How Investing Taxes Work (Part 1 – Capital Gains)
With tax season right around the corner, I figure this is a good time to start posting some tax related articles. Are you curious about how investing taxes are calculated? Specifically, capital gains tax? If so, you have come to right blog! I am by no means a tax expert but I do have enough knowledge to give general guidelines on how you can figure out your own investment taxation. Note that these tax guidelines described in this post are for Canada only. On top of that, you should consult a tax professional before applying anything you read on my blog and the web in general. :)
Lets start with RRSP’s. As you probably know, RRSP contributions and investment growth are taxable only upon withdrawal. At that point, the withdrawals are taxed as income at your marginal tax rate at the time. That’s the strategy behind RRSP’s: contribute, let it grow tax free, and withdraw when you are in a lower tax bracket (hopefully).
Now on to Non-registered accounts. There are 3 types of taxes that you need to consider.
- Capital Gains tax (preferred)
- Dividend Tax (preferred)
- Interest tax (keep in RRSP)
Capital Gains (CG) Tax
When you profit from selling a stock in a non-registered account, you will be subject to capital gains (CG) tax. What are capital gains? Capital gain is the difference between the selling price and buying price of a stock less the commission. For example, if you sold a stock for $1000 (inc selling fee) and paid $800 (inc buying fee), you would have a capital gains of $200. Capital gains tax are subject to a 50% inclusion rate. This means that 50% of your profit will be included as income. So in our above example, $100 would be added to your income and taxed at your marginal rate. Or another way to look at it is that any profits from a stock sale in a non-reg account are taxed at HALF your marginal rate.
The 50% inclusion rate is a reason why most financial gurus suggest that you keep investments for the purposes of capital appreciation/gain outside of your RRSP. If you keep your capital appreciation/gain assts inside an RRSP, you will be taxed on 100% of the gain because all income withdrawn from an RRSP is taxed at your marginal rate.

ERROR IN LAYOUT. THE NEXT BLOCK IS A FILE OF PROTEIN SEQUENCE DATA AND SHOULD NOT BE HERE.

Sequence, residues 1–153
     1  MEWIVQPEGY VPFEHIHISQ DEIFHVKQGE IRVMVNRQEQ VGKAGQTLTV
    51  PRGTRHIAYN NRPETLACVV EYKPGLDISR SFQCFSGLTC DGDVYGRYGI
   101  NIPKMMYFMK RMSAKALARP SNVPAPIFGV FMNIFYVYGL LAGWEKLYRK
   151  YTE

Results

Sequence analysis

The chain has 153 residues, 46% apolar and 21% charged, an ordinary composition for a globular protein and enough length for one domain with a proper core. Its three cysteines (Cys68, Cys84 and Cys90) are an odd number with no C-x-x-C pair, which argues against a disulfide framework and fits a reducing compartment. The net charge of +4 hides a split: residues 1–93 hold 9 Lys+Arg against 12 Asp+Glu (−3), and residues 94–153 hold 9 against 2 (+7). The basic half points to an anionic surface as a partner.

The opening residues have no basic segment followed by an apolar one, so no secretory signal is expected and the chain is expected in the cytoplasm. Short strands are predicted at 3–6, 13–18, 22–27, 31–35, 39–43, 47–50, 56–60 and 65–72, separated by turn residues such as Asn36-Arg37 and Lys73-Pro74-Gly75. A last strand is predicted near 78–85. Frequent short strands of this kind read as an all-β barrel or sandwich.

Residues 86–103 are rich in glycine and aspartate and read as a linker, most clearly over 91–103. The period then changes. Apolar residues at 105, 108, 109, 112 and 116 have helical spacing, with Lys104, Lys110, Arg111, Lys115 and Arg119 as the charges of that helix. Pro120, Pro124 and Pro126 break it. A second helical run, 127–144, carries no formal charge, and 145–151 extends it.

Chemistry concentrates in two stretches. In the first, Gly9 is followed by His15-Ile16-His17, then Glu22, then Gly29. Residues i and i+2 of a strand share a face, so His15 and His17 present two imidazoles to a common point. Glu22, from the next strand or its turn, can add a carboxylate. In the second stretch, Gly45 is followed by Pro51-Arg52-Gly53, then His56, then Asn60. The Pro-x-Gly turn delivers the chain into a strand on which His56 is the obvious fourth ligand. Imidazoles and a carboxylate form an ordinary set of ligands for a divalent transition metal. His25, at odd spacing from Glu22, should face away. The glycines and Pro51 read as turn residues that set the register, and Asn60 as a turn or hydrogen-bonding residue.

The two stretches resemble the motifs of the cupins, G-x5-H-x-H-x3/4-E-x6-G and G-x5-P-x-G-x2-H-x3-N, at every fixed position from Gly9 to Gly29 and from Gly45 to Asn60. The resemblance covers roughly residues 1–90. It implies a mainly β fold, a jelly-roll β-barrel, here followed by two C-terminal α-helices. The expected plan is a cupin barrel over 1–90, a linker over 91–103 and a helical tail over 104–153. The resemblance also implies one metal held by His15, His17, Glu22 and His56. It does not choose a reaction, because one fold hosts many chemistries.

Another advantage of keeping your capital appreciating stocks outside of an RRSP is because you can claim your losses against your gains to reduce your taxes payable. Whereas within an RRSP, losses cannot be claimed. For example, if in 2006 you sold stock for a $4000 non-reg portfolio profit and $1000 in losses, your total profit is now $3000. To figure out your taxes payable, it would be: $3000 x 0.50 = $1500. This $1500 would be added to your taxable income for that year and taxed at your marginal rate.
This is why you’ll read some tax strategies to sell your losing stocks at the end of the year. The losing amount will be deducted from your total winning amount and reduce your overall taxes. What if you have a loser for the year, but you believe it’s a long term winner? You’re probably thinking to sell it before the end of the year and purchase it again. Not so fast, you have to make sure you don’t violate the superficial loss rule.
What is the superficial loss rule?
According to: http://www.cabusinessadvisor.com/Tax/TaxTraps/SuperFL.htm
This rule applies where a person or affiliated person acquires or had the right to acquire the same or identical property within 30 days after the disposition or 30 days before the disposition of the property in question. The disposition could have been made to anyone. In these cases, the loss on the disposition is denied and the amount of the loss is added to the cost of the substituted property.
In layman’s terms, it simply means that if you sell a stock at a loss, you can’t repurchase the shares back again within 30 days and claim the loss against your gains. However, if you do repurchase the same shares back within 30 days and you profit from it in the future, you can deduct the initial loss against your gain of THAT stock.
- Purchase 10 ABC stock for a total cost of $1000
- Sell 10 ABC stock for: $800
- Loss: $200
- Repurchase 10 ABC stock within 30 days for: $850
- Sell 10 ABC stock in the future for $1200:
- Profit: $1200-$850-200(initial loss) = $150
- Taxable Amount: $75 ($150 *50%)
As a side note, you should consider the superficial loss rule if you are attempting the Smith Manoeuvre (SM). The SM suggests to sell your non-reg stock to pay down your house, then REPURCHASE the stocks. If you sell stock at a loss, you should wait 30 days before repurchasing. Otherwise, the loss will be omitted.
- Capital gains are taxed at 50% of your marginal rate (efficient).
- Keep your capital appreciating stocks/mutual funds outside of your RRSP.
- If you trade often, sell your losers at the end of the year to reduce your profits for the year.
- Take heed of the superficial loss rule.
Taxes can be boring but they are an essential component to financial planning. In the next article (Part 2), we’ll discuss the other 2 types of investment taxes, dividend and interest income tax.
If you have anything to add to this article, please post them in the comments.